A never-ending flood [poetry]

By Tolu Ogunlesi


By way of agidi, they arrived in Agadez

They are not those landcruisered ones

weighed down with wide-eyed dollars;

their Atlantic is a bowl of sand,

furrowed with the now-silent ‘steps

of several generations.


There are no pillars of salt.

Someone built this sandy highway,

and forgot the U-turns.

Slowly, steadily, past burnt-out suns, frozen moons,

until Sebha flagged them down, marked them as lost

children of the mad dog, and tossed them coastwards.


Toes dipped into the Mediterranean, as into a dream

They woke up, to embrace Lampedusa,

flickering lamp of liberty, poisoned

with the oil of two continents.

“It is a never-ending flood.” But luck,

like a dam, always leaves some behind.


How would you like to go,

death asked the stranded:

bloated – or burnt by a desert sun?

The rest were waved on, windrushed

past a weary maze of patrolling searchlights

into an eternal Italian night.


They are not those flight-cabinned ones, weighed down

with travel papers, and jpegged memories, no;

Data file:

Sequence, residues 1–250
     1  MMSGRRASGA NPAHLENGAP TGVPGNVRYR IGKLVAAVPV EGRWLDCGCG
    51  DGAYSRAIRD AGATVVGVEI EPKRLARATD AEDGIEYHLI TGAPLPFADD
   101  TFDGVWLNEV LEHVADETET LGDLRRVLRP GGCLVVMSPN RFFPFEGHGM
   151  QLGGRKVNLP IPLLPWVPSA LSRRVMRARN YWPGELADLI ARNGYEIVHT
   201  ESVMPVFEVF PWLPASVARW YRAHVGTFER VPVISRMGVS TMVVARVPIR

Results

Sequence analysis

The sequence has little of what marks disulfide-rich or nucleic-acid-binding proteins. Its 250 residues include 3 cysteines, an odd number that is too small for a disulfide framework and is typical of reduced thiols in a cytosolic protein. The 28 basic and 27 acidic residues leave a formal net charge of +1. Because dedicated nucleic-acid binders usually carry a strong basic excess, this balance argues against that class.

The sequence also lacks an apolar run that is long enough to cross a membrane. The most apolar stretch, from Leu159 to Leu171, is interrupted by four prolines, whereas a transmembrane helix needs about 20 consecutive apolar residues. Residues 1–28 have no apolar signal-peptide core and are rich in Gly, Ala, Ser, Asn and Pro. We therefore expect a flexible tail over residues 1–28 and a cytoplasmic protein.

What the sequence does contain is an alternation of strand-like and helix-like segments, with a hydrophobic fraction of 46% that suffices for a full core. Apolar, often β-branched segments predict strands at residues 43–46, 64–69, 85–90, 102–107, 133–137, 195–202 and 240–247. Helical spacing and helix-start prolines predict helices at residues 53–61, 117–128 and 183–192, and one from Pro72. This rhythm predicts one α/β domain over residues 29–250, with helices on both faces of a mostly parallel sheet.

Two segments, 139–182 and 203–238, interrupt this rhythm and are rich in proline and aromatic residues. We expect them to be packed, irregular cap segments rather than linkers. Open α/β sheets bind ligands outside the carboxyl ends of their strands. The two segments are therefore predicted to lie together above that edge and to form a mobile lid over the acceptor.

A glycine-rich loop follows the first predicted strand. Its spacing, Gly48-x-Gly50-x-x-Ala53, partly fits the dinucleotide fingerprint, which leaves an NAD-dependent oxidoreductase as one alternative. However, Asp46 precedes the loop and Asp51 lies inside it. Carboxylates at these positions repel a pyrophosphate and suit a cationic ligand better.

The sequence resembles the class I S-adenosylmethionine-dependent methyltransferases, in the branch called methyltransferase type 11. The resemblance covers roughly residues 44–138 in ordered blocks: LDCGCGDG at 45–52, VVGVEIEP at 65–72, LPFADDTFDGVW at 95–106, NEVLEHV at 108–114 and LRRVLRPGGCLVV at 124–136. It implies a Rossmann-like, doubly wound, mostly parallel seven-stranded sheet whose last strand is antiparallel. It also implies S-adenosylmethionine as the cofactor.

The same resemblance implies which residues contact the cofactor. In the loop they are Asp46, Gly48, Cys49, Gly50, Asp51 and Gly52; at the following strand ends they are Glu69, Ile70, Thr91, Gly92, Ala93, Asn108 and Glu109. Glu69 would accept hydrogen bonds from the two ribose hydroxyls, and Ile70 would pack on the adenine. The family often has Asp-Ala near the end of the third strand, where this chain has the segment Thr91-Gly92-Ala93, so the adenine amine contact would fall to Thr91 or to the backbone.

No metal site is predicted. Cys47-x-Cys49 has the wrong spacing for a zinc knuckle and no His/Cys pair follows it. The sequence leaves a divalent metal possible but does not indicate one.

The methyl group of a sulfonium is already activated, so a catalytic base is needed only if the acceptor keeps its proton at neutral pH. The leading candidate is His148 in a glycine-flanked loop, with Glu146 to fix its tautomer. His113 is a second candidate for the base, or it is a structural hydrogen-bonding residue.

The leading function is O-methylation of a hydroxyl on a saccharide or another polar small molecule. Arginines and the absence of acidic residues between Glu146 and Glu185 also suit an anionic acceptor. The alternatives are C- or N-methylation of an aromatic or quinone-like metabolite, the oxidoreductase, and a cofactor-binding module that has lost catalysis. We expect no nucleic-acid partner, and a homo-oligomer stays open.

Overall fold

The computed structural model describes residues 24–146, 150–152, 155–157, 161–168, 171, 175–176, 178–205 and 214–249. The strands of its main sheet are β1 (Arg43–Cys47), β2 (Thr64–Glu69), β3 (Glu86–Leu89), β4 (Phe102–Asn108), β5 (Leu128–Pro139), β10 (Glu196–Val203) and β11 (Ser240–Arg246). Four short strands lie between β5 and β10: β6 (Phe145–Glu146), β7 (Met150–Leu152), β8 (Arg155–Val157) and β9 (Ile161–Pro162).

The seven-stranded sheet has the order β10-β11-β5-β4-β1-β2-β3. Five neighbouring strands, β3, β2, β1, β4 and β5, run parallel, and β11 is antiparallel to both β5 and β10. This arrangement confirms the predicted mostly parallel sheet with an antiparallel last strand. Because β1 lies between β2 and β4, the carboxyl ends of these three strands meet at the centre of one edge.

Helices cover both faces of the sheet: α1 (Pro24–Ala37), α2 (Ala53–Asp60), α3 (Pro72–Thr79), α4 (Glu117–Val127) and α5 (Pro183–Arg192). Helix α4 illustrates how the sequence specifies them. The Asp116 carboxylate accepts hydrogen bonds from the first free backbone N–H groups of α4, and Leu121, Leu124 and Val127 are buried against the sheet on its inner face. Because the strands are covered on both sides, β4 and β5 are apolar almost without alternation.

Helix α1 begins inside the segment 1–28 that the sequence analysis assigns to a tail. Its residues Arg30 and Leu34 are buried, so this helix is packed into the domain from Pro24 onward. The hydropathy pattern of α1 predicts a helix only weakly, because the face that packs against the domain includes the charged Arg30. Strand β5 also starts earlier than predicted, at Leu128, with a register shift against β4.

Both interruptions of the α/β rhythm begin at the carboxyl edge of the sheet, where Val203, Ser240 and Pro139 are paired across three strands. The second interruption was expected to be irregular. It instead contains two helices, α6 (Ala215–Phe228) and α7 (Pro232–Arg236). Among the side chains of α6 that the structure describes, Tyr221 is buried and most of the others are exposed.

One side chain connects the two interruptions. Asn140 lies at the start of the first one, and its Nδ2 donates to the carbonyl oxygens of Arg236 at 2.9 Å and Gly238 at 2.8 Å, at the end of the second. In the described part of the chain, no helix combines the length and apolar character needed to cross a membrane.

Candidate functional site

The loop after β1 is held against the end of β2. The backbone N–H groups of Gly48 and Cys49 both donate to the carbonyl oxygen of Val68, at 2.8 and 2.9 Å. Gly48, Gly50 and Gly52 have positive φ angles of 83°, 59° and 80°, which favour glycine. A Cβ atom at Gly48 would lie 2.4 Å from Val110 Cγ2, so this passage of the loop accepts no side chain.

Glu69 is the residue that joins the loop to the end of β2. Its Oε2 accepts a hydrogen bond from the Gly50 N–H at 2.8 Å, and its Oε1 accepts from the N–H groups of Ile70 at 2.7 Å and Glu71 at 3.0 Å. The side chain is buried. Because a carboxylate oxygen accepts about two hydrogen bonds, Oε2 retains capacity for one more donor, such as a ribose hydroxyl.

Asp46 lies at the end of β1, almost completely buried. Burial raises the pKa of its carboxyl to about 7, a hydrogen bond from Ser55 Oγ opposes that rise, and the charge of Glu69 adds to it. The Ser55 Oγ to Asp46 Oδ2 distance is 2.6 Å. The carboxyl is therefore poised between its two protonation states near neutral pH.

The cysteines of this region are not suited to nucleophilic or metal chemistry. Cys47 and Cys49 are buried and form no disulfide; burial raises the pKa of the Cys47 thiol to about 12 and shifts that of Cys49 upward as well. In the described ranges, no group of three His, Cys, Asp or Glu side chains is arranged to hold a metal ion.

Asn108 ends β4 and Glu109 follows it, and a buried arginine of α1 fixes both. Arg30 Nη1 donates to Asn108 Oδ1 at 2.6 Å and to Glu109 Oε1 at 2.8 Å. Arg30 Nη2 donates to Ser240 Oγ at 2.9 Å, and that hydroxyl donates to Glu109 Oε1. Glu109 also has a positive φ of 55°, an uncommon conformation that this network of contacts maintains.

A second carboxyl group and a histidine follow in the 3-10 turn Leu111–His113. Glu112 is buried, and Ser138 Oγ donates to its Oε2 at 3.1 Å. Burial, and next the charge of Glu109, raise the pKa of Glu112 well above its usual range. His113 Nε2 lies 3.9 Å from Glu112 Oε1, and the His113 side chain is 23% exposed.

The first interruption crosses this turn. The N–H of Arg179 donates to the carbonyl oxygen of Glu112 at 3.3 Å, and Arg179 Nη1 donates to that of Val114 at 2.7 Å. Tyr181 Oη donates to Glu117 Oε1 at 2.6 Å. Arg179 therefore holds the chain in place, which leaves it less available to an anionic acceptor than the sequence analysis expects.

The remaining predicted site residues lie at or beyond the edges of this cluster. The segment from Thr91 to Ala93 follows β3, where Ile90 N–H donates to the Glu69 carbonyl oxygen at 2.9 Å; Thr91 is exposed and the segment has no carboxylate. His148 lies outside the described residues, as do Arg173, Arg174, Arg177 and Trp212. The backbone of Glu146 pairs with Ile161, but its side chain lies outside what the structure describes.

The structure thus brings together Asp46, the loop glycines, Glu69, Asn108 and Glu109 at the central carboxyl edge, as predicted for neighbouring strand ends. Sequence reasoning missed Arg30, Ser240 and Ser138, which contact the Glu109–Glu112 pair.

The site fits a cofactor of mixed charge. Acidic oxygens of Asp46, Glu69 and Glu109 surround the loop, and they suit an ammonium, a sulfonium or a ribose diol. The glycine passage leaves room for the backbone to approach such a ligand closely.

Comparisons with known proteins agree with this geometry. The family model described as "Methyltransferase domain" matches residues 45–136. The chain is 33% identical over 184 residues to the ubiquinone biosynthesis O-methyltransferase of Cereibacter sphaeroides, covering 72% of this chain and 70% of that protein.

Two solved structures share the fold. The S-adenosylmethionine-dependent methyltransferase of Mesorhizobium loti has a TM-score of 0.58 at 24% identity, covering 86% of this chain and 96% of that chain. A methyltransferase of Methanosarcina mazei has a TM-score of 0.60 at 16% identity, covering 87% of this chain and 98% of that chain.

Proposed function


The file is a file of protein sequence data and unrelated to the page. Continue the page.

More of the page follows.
they are the ‘Bastardo, Bastardo’, patrons of pateras,

for whom life is lived in the un-manned distance

between hope and dashed hope. “It’s bullshit,

this Europe.” Just like that Africa.


Everyone arrives somewhere eventually,

the dead, the condemned, all who fled.

All possible destinations – San Ferdinando, 

Rosarno, Paradiso, Glasgow, even –

are the same place:

The Not-the-Promised Land, Inferno…


By way of agidi, they all keep arriving in Agadez…


(c) Tolu Ogunlesi, 2012

[first read at the poetry event of the 2012 Lagos Black Heritage Festival, April 3, at Freedom Park, Broad Street, Lagos]


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